Last week we sat down the Statesman Journal reporter Geoff Parks to chat about our plans for the Cooperative. One we were able to assure him that we weren’t a bunch of crazy hippies (well, we sort of are, really) Geoff asked a ton of great questions and even managed to get a flattering picture. Heartfelt thanks to Geoff and the Statesman Journal for such a positive spin on alternative learning models.
Here’s the link to the article: http://www.statesmanjournal.com/apps/pbcs.dll/article?AID=2014301220011
And here’s the text:
Learning model includes parents’ help
Written by Geoff Parks Special to the Statesman Journal
Jan. 21 statesmanjournal.com
Three moms and one stay-at-home dad are riding the crest of a September 2013 lunchtime idea to form a new kind of learning experience for children in the Dallas area.
Wendy Sparks, Erin Miller, Rebecca Rutan and Casey Sparks had their meal last fall and “started thinking about what we could do that would fit the needs of our kids (school-wise), and it just developed from there,” Wendy Sparks said.
The idea they came up with was to create a combination home-schooling/guided instruction learning model they call the Mahonia Learning Cooperative — also called a “parent-driven collective” and a “homeschool mixed with a cottage school” in their promotional literature.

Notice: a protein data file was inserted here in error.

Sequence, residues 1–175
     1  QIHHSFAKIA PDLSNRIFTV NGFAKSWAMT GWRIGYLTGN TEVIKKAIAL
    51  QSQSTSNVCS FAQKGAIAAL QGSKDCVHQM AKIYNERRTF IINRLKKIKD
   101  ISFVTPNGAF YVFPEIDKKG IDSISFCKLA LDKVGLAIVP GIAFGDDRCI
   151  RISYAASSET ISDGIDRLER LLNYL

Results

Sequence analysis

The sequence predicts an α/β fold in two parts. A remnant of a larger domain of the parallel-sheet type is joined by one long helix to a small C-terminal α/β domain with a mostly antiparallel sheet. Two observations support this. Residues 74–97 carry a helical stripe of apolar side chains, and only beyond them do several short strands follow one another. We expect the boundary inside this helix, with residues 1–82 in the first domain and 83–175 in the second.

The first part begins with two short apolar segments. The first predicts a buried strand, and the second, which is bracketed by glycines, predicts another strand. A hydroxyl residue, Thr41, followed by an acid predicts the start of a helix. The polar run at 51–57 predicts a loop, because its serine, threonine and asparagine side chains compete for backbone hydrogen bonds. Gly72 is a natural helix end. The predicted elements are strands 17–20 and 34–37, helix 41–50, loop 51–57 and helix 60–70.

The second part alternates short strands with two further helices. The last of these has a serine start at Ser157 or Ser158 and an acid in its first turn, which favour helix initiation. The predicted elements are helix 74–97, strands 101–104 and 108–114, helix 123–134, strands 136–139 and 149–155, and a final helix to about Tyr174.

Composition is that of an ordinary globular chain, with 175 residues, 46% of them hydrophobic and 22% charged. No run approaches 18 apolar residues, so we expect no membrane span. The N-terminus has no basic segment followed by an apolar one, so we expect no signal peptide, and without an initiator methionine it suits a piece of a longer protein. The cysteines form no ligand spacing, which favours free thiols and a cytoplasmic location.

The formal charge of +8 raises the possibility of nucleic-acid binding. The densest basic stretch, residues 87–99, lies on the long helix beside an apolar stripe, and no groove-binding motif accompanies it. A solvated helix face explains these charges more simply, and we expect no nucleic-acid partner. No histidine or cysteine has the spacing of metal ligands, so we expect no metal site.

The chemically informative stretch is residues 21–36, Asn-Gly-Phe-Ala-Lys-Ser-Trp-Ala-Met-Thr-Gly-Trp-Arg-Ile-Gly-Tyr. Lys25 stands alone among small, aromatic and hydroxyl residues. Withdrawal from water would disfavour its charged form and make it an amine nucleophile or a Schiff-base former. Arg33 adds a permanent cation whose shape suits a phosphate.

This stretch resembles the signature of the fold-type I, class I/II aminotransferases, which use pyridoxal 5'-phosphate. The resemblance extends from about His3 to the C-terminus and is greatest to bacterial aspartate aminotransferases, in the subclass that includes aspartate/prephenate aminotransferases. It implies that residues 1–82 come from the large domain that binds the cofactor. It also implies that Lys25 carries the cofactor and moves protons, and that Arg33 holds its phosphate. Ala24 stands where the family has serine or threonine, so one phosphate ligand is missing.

The cooperative is, in effect, an open learning “program,” not a school at all, said Casey Sparks. Mahonia Learning Cooperative is listed as a non-profit entity, and should have its 501(c)(3) designation by this fall.
“We consider the Mahonia Learning Cooperative to be a creative hybrid between what a home school provides and the learning community that a public school provides,” Wendy Sparks said.
Mahonia will limit enrollment to 17 students entering grades K through 6 when it opens in the fall of 2014, she said, adding that the school’s “basic vision” notes it is not a private school, but a model that makes the parents “ultimately responsible for the education of their children.” Management of the cooperative is the duty of a Council of Parents.
The Mahonia Learning Cooperative morning curriculum from 8 a.m to noon will be led by a
tutor/facilitator/instructor (not necessarily a certified teacher), and will use the Moving Beyond the Page homeschool curriculum. That “interdisciplinary,” literature-based curriculum is said to stimulate critical and creative thinking through independent and small-group learning. Sparks said it was developed “for children who are either gifted or tend to learn with their hands or learn creatively.”
In the afternoons (from noon to 3 p.m.), the cooperative hopes to get the kids all STEAM-ed up with
activities led by parent and community volunteers with expertise in subject areas such as Science,
Technology, Engineering, Art and Math (STEAM).